Account balances have a maximum amount that can be obtained, which is indexed for inflation. Currently, the maximum account balance each beneficiary can have is $310,000 – which includes not only the contributions but also the earnings. Other than this $310,000 figure, there is no cap on how much can be contributed annually to a Section 529 account, but there can be other tax issues. Because the account is setup for a beneficiary, contributions to the account are considered ‘gifts’ for IRS purposes, and therefore, if a person gives more than $14,000 per year to a beneficiary, they will need to file a gift tax return. Keep in mind that the $14,000 is per person, so a husband and wife or grandfather/grandmother could give up to $28,000 per year.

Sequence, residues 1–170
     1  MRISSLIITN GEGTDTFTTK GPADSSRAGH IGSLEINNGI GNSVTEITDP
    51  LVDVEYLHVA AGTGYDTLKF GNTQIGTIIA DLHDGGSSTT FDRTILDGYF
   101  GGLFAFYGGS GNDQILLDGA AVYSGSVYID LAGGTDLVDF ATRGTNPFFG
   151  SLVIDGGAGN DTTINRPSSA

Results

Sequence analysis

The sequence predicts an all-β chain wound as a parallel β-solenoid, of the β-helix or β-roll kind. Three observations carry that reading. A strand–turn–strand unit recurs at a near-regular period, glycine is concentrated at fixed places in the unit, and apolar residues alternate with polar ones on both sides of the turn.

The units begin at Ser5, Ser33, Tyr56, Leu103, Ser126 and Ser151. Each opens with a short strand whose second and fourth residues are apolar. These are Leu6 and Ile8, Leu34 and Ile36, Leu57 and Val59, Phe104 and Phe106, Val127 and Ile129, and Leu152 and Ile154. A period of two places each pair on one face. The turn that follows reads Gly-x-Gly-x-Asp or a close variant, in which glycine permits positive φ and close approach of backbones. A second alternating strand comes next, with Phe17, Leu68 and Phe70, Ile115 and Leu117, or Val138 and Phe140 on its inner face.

There is also a specific allowance for 529 Plans that lets a contributor give up to a $70,000 gift all at once ($140,000 for married filing joint) and avoid any federal gift tax requirements, provided you make an election on your tax forms that spreads the gift out evenly over five years. This can be a very useful tool for estate planning.

While contributions to the Section 529 Plan are not deductible on your federal return, contributions to a 529 Plan in the State of Oregon do provide a deduction on the Oregon tax return. For 2013 the deductions are $2,225 for an individual and $4,455 for a couple filing a joint return.